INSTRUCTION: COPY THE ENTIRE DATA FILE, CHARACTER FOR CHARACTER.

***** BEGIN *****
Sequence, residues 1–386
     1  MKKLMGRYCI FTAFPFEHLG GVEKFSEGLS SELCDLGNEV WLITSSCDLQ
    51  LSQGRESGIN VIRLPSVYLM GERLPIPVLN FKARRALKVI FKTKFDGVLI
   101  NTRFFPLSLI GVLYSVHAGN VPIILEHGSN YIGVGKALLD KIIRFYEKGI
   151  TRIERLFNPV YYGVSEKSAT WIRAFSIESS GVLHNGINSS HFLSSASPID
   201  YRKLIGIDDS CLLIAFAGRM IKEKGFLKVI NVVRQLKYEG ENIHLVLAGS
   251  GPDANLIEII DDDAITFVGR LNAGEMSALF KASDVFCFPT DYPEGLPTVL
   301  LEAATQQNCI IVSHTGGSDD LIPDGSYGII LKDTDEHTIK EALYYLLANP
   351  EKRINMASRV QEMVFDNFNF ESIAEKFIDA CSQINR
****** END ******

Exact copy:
Sequence, residues 1–386
     1  MKKLMGRYCI FTAFPFEHLG GVEKFSEGLS SELCDLGNEV WLITSSCDLQ
    51  LSQGRESGIN VIRLPSVYLM GERLPIPVLN FKARRALKVI FKTKFDGVLI
   101  NTRFFPLSLI GVLYSVHAGN VPIILEHGSN YIGVGKALLD KIIRFYEKGI
   151  TRIERLFNPV YYGVSEKSAT WIRAFSIESS GVLHNGINSS HFLSSASPID
   201  YRKLIGIDDS CLLIAFAGRM IKEKGFLKVI NVVRQLKYEG ENIHLVLAGS
   251  GPDANLIEII DDDAITFVGR LNAGEMSALF KASDVFCFPT DYPEGLPTVL
   301  LEAATQQNCI IVSHTGGSDD LIPDGSYGII LKDTDEHTIK EALYYLLANP
   351  EKRINMASRV QEMVFDNFNF ESIAEKFIDA CSQINR